To find out more about how teams can best collaborate together using productive conflict, take a look at our new collection with Patrick Lencioni, best-selling author and member of the CrossKnowledge Faculty.
It’s a natural human instinct to shy away from conflict and to avoid confrontation. However, we’re often unaware that in the workplace, conflict is important: debating, even passionately, can have many positive impacts on team collaboration and overall performance. On the other hand, a fear of conflict can have devastating effects. In fact, best-selling author Patrick Lencioni lists fear of conflict as one of 5 dysfunctions that can hamper team productivity (the four others being absence of trust, lack of commitment, avoidance of accountability and inattention to results).
On the road to disengagement
If we’re so afraid of conflict, it’s often because we try to spare our colleagues’ feelings; but this tendency may create a worse situation than the one we are trying to avoid. By not saying what we think on the spot, we do so much more damage than by just being honest. The main risk of shying away from conflict is disengagement. Let’s picture a team meeting during which an important decision must be made. If team members avoid conflict and refuse to disagree openly with each other, the results can be catastrophic. For one thing, the honest conversation that should have happened during the meeting will continue later on in the hallways. Furthermore, at the end of that meeting, the team won’t be able to reach a true, active commitment. Team members will be passively committed to things at best. This passive consensus leaves colleagues disengaged and uncommitted to their decisions. It’s a recipe for mediocrity and foreshadows second guessing and frustration for everyone. In the words of Pat Lencioni: if you don’t weigh in, you don’t buy in!
Is there such a thing as too much conflict?
What happens when conflict goes too far? When it gets destructive? Let’s imagine a conflict continuum: on one end is artificial harmony, where there’s no conflict at all. This isn’t because people get along well, they just avoid to disagree with each other. On the other end is destructive, mean-spirited conflict where people get openly aggressive and vicious. As a team moves down the continuum, they will have more and more constructiveand productive conflict, until they step over the line and become destructive. It’s important to recognize that in most organizations, teams are often on the “artificial harmony” side of the spectrum, because they fear destructive conflict. The goal is to get to a place where teams can have constructive conflict without ever stepping over the line. Of course, in some case, team members will go to far and become destructive, but it’s important to know that not only can teams recover from this, it will make them grow.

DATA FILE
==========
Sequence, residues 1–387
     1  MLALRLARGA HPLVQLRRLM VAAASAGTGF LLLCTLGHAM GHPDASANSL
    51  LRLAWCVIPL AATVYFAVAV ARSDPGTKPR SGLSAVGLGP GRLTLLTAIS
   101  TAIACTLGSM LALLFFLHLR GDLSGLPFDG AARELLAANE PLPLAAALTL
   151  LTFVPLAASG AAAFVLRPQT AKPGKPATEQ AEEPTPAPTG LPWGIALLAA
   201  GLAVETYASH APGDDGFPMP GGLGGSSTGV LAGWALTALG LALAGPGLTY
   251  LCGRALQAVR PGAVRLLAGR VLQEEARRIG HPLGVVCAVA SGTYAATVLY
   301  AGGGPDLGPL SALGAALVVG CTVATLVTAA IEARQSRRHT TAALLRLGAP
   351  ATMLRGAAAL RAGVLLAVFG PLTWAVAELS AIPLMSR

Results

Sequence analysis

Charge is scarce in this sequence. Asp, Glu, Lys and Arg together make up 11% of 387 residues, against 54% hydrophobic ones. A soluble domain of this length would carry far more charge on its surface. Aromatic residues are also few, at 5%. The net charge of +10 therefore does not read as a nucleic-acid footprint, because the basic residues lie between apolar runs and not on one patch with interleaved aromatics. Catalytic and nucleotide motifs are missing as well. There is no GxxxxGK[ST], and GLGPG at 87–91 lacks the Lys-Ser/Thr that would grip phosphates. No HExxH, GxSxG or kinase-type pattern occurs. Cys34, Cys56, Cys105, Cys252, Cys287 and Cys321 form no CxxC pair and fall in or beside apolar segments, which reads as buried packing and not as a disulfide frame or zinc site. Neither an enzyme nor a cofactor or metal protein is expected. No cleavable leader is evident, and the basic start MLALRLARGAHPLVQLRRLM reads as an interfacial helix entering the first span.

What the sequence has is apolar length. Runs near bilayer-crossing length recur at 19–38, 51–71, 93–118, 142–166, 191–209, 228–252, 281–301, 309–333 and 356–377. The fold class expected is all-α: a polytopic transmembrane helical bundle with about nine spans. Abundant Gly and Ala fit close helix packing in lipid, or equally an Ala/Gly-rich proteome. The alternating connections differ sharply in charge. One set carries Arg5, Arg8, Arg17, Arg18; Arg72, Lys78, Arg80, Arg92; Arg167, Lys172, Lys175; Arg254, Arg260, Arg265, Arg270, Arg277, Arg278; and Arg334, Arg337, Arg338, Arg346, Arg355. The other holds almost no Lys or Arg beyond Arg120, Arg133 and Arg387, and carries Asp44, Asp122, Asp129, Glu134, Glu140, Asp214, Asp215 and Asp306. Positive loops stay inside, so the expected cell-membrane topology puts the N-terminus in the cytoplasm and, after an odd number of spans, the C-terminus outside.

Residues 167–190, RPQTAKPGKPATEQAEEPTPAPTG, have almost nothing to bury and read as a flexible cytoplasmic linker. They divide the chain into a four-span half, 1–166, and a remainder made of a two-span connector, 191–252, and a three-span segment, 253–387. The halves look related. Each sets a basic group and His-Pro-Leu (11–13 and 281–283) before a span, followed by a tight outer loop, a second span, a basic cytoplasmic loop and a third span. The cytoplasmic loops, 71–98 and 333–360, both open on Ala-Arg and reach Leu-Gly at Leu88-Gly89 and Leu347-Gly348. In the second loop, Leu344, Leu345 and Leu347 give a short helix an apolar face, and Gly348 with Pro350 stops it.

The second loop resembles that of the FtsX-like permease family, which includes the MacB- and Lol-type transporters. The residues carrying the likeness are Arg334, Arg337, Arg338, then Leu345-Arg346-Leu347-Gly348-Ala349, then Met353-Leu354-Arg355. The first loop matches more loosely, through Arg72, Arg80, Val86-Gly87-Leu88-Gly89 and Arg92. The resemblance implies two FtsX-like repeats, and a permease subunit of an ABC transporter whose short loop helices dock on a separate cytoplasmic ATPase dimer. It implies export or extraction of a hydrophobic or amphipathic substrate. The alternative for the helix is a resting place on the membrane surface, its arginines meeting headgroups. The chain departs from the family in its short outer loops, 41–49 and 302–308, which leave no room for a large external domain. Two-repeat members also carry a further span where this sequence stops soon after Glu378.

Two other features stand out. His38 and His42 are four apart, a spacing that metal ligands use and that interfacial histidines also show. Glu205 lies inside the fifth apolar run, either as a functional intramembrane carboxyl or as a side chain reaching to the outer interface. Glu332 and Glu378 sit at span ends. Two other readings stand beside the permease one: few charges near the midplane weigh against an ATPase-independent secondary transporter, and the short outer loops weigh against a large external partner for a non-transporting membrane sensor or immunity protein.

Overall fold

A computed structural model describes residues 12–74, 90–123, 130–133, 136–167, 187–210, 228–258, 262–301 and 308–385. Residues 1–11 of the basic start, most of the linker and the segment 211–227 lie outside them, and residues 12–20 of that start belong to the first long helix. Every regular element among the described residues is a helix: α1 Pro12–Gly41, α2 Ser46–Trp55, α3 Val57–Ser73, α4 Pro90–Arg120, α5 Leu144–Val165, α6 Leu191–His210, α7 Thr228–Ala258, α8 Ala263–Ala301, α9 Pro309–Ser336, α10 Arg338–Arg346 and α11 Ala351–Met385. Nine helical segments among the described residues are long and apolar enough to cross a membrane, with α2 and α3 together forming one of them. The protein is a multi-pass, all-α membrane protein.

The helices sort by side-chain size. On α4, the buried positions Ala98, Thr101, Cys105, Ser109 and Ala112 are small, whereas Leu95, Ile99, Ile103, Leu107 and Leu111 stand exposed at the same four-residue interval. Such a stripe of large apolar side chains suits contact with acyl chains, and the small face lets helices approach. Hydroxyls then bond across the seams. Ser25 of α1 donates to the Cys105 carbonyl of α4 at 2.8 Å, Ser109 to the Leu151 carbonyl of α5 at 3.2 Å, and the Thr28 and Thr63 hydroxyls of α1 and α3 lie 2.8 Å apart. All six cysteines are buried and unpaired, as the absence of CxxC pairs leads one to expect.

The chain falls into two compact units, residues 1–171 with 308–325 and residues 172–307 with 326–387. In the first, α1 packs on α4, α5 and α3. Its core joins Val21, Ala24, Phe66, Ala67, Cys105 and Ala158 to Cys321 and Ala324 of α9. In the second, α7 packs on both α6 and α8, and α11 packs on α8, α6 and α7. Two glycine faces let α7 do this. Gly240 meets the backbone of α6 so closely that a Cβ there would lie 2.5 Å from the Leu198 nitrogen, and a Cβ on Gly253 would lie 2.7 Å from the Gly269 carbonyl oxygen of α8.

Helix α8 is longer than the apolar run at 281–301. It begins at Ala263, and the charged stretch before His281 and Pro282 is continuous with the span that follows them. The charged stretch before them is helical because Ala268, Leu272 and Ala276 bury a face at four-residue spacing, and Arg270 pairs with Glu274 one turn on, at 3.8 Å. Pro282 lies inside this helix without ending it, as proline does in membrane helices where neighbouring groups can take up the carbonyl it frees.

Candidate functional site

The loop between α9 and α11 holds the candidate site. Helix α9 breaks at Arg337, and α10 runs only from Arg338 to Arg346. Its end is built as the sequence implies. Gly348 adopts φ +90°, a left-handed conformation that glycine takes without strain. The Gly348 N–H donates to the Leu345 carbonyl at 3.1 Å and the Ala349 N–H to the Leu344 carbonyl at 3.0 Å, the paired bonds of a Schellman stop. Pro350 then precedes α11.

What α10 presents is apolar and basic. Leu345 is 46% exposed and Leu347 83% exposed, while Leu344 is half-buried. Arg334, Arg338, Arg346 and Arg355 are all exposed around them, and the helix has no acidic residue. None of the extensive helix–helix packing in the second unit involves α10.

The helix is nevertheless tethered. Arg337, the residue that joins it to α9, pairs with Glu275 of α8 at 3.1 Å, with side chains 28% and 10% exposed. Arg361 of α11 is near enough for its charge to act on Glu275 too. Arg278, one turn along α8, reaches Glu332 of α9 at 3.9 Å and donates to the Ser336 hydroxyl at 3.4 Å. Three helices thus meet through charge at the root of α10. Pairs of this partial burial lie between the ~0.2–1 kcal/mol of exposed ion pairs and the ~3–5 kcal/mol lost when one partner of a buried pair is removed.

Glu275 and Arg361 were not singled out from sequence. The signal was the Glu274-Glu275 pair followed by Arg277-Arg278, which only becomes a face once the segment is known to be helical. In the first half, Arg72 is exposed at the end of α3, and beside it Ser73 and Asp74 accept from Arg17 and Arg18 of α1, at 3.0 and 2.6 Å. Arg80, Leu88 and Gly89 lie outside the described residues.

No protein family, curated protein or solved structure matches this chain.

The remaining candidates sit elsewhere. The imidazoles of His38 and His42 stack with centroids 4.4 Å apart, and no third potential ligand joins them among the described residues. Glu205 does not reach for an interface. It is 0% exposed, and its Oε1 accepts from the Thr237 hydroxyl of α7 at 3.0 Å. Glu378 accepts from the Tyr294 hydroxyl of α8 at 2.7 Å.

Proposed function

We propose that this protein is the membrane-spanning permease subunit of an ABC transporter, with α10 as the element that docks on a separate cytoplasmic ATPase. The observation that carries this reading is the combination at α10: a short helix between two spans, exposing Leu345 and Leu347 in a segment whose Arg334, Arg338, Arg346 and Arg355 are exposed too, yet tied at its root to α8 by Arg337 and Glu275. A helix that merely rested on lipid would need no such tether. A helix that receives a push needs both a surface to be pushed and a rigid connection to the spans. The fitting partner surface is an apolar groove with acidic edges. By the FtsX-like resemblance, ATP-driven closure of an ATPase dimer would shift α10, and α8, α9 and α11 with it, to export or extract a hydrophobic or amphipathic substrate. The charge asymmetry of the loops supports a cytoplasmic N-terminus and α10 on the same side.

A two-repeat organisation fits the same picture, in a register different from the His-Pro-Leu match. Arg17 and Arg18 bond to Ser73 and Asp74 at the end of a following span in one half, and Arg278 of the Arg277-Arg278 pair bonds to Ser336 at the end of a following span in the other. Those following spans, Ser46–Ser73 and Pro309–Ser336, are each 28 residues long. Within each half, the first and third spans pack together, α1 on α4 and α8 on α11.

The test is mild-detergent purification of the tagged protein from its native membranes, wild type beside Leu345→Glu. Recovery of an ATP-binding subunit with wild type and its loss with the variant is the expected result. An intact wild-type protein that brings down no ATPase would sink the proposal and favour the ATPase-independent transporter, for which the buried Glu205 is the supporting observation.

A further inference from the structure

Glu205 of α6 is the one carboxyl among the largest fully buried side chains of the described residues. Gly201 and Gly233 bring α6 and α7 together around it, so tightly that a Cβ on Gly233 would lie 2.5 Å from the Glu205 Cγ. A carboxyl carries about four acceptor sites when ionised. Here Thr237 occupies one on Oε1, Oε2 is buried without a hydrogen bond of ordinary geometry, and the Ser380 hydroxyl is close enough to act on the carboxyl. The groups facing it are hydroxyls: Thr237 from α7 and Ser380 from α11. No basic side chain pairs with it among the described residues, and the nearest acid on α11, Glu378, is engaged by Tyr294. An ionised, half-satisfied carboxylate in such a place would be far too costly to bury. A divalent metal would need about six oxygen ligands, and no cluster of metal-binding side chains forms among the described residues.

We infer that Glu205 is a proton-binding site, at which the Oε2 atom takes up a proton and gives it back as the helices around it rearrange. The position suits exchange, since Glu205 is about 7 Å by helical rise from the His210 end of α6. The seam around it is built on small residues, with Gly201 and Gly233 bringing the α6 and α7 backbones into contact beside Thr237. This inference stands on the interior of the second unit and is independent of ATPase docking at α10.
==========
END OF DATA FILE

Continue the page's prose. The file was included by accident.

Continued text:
The role of the leader in normalizing conflict
Not everyone is comfortable with conflict, especially if they come from a risk-averse culture. To get teams to a place where co-workers can openly disagree, the manager or team leaders plays an important part. If she/he’s convinced that conflict is important, they will help others change their perspective. Leaders must let their people know that they expect conflict, and that they value it. There’s a chance that when teams start to have a conflict, it will be on something minor, and they’re going to get very uncomfortable, or even feel guilty. In these situations, the leader must intervene to positively reward the experience, and congratulate team members that are having an open and yet productive conflict. When the leader interrupts and provides real-time permission to engage in conflict, encourages team members and rewards them, they’re going to keep going. They will let go of their anxiety and guilt, and keep the discussion going until they finally reach an agreement that they both support completely.